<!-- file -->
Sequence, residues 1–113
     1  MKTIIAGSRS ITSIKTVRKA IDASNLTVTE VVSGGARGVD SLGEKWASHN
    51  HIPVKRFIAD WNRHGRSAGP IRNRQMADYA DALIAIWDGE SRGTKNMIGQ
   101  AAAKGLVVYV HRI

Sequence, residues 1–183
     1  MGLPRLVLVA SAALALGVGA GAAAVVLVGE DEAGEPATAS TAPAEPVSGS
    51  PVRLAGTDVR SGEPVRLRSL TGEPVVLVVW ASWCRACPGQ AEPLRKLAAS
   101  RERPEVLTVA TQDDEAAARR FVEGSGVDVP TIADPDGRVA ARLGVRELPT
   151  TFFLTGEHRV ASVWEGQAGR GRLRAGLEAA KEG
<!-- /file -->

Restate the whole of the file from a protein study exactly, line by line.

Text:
Sequence, residues 1–113
     1  MKTIIAGSRS ITSIKTVRKA IDASNLTVTE VVSGGARGVD SLGEKWASHN
    51  HIPVKRFIAD WNRHGRSAGP IRNRQMADYA DALIAIWDGE SRGTKNMIGQ
   101  AAAKGLVVYV HRI

Sequence, residues 1–183
     1  MGLPRLVLVA SAALALGVGA GAAAVVLVGE DEAGEPATAS TAPAEPVSGS
    51  PVRLAGTDVR SGEPVRLRSL TGEPVVLVVW ASWCRACPGQ AEPLRKLAAS
   101  RERPEVLTVA TQDDEAAARR FVEGSGVDVP TIADPDGRVA ARLGVRELPT
   151  TFFLTGEHRV ASVWEGQAGR GRLRAGLEAA KEG